So I’ve been toying with the idea of writing a story about my first season working at a ski hill for some time now and have never quite had the motivation to do it. Mainly because I have absolutely no following on TGR and it potentially means that absolutely no one will even bother to read this. But I decided to anyway, to at least get something down, so if anything, it was a record for myself of the season. So here it is, a recollection and series of thoughts about working a ski season in Canada.
Firstly, as an Australian, I expected to see Aussie's. We love to travel and that's no surprise, I did not however expect almost the entirety of staff employed at the resort to be Australian. In fact in my entire season working there I only met and made friends with one Canadian. It showed, first hand, why there is always talk of ski town partying, where staff get up to everything possibly imaginable. Everyone is on a working-holiday, emphasis on the holiday.
Being a skier for most of my life I managed to get employment through the snow school as an instructor where thoughts rolled into my head of a job that involved me hard charging steeps with a client in tow or chauffeuring wealthy couples around the mountain, only to receive an even wealthier tip. How I couldn't be more wrong. I'm sure there are instructors out there that fit that description, I was most definitely not. As a new instructor our main role consisted of dealing with kids who were dumped on us by their parents, could barely ski and sometimes didn't even want to. We were glorified babysitters. You would sometimes hear other staff that worked in other departments saying "well it can't be that bad, at least you're on snow every day". Those people have obviously never watched, from the bunny hill, while everyone else went up the gondy on a powder day, even if it was just for a ride break.
Working as an instructor definitely had its grim days, whether that be missing out on a powder day or teaching a class of six screaming 5 year olds hungover, after getting three hours sleep the night before. In fact I had one child for a ten week program who thought it was funny to take his skis off at the bottom of every run and pretend he was asleep, neither the carrot nor the stick worked to deter him from this, in fact the only practice that worked was for me to start skiing away and pretend that I would leave him behind. Pretend...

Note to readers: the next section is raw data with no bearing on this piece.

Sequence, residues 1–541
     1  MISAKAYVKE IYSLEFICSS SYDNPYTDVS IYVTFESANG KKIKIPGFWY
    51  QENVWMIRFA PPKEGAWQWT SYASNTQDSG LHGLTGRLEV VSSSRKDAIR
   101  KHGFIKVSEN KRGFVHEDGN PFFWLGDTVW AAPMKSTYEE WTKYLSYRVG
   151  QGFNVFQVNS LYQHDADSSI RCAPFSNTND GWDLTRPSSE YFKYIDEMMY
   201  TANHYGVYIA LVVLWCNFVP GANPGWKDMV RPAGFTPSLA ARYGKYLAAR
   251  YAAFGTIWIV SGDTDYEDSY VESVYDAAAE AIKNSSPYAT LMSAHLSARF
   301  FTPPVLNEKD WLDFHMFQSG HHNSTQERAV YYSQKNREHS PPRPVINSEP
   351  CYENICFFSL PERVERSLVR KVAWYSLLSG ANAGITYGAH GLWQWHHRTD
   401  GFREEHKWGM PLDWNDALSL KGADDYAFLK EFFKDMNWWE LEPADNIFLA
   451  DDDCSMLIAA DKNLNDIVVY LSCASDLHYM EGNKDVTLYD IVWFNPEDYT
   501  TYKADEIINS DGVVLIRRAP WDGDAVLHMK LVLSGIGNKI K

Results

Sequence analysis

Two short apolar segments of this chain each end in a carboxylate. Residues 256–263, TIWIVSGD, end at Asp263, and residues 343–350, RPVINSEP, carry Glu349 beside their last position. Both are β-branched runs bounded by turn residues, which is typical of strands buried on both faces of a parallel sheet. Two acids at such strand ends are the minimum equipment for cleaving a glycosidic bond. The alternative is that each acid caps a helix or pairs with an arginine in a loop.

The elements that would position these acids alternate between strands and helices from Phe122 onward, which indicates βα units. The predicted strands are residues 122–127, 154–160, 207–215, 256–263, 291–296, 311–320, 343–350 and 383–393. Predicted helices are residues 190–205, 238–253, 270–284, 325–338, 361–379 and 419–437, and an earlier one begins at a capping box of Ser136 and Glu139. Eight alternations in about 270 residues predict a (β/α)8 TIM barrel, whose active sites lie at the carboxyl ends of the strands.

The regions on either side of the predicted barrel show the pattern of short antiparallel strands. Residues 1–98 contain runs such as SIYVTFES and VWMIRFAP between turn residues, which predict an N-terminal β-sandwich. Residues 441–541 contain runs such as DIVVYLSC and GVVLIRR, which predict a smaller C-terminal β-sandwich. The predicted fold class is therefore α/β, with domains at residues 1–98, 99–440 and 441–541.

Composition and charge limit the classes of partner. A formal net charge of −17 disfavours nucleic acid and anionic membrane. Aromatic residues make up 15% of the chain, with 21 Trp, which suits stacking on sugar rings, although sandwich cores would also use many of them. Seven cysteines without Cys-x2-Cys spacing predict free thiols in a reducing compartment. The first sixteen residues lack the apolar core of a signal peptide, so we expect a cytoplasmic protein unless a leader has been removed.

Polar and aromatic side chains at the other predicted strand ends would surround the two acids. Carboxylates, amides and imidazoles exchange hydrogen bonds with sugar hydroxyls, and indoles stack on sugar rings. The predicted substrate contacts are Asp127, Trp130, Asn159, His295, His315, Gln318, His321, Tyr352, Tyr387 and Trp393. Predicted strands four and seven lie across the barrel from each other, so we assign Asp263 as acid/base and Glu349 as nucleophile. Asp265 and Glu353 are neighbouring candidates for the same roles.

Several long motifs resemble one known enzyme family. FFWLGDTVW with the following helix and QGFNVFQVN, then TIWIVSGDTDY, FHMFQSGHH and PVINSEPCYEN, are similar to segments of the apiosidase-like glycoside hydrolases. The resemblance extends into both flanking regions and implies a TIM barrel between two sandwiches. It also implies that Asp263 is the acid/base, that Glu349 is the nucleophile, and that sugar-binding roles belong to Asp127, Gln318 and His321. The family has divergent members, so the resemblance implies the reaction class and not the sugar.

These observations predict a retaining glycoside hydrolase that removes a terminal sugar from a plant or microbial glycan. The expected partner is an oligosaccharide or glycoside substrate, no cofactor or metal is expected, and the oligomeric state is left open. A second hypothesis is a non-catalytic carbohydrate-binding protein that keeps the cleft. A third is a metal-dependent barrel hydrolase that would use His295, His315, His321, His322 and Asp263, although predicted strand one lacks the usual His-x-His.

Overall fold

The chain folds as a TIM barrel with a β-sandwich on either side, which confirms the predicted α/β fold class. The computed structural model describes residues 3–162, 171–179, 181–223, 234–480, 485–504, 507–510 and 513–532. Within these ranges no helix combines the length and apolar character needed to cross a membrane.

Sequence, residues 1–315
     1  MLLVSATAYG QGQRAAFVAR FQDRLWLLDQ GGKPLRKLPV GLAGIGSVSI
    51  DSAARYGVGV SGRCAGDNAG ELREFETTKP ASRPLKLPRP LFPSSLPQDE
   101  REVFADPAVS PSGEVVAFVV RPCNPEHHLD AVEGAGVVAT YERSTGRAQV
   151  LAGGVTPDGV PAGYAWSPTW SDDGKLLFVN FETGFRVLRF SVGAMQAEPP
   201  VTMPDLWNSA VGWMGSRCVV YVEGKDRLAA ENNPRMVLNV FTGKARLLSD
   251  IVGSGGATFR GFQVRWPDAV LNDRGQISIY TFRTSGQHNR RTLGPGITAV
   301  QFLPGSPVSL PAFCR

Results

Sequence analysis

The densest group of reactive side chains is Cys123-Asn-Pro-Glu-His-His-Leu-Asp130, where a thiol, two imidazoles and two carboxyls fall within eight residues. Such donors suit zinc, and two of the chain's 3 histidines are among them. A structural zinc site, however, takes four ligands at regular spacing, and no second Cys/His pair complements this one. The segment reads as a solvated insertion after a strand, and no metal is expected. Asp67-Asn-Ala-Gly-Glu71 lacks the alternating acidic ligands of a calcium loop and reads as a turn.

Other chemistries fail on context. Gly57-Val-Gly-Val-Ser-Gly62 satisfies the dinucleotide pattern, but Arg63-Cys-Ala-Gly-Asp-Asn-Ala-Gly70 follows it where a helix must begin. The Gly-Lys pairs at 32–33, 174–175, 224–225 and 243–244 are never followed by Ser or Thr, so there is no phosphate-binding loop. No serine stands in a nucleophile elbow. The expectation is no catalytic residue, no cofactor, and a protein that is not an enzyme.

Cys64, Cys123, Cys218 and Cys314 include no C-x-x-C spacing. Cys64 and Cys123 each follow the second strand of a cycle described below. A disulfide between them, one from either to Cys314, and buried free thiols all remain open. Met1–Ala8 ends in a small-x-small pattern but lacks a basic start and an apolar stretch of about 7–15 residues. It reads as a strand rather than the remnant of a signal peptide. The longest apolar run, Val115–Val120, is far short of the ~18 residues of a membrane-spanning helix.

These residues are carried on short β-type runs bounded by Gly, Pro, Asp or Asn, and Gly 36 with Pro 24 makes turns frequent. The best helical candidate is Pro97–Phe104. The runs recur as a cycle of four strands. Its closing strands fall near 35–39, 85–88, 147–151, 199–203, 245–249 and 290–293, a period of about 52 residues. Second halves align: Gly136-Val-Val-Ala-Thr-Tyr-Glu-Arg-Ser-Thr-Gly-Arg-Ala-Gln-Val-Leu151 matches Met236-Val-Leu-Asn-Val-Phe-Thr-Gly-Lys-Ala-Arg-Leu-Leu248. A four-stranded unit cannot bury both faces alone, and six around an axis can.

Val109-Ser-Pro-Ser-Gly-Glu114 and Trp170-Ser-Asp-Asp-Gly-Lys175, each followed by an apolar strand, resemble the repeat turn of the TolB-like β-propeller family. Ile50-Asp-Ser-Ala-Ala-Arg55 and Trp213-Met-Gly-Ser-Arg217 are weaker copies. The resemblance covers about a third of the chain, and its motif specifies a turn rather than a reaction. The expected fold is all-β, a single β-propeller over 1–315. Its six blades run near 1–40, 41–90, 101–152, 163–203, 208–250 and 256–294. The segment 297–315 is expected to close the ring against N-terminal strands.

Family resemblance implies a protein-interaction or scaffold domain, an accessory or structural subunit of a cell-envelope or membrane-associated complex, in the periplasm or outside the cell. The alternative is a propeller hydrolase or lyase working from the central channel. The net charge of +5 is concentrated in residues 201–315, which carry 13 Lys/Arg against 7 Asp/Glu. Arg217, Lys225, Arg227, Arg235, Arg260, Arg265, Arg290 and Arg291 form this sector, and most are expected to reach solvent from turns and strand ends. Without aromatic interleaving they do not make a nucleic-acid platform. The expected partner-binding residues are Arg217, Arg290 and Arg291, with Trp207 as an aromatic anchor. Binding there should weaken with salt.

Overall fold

All of that aside though, ski instructing had its great days, days that I will remember to be some of the best of my life. The training we received was second to none, we got the opportunity to head up on the early lift most mornings and have fresh powder or freshly groomed runs all to ourselves and on the days you were finally given a client who could ski you got to spend the day skiing while getting paid. In fact one of the best times of the season was after an extremely long drought of snow, the Rockies finally got a dump during March which laid 32cm's of light, fluffy snow. After so long without a pow day everyone was quite literally foaming at the mouth to get up the lift and what would you know, I got allocated my first 'first tracks' lesson. We entered the gondola an extra half an hour before the regular opening and at the top had a 360-degree view of completely untracked snow. It was ours to rip and rip we did. Nothing can quite really compare to that feeling of stepping out in the morning to breathe in that crisp mountain air and know that as you ski down you will experience the ecstasy that is powder skiing. You can read about, watch videos of pros flying through waist deep powder copping face shots left, right and centre, but until you actually experience it, you won’t fully understand. It's like a drug with some very serious withdrawal symptoms if you don't get your weekly fix.
That was the great thing about working the season, the fact that you had what seemed like an eternity to keep getting your 'fix'. I know for most people, they fall in love with ski seasons because it's usually a giant party, but for myself, the partying was an added bonus or sometimes something I chose to avoid altogether if it meant missing a day of skiing. For me I fell in love with the skiing itself, everything about it and it created this relentless hunger in me to better myself, to go harder; ski faster; jump bigger. After spending the summer back in Oz working to save up for another season I find myself literally not being able to think about anything other than skiing, whether that be looking at new ski edits, movies or salivating over a new pair of skis I can't afford. I have been hooked, and I plan to spend the rest of my young life chasing winter, if that's what it takes to get my 'fix'.